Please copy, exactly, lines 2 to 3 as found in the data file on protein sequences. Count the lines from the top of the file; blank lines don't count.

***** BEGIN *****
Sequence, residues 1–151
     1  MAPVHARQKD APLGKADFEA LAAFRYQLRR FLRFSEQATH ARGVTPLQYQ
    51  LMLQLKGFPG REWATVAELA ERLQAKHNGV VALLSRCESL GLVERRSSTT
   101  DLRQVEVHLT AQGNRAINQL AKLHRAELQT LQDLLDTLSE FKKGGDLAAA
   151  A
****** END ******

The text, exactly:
     1  MAPVHARQKD APLGKADFEA LAAFRYQLRR FLRFSEQATH ARGVTPLQYQ
    51  LMLQLKGFPG REWATVAELA ERLQAKHNGV VALLSRCESL GLVERRSSTT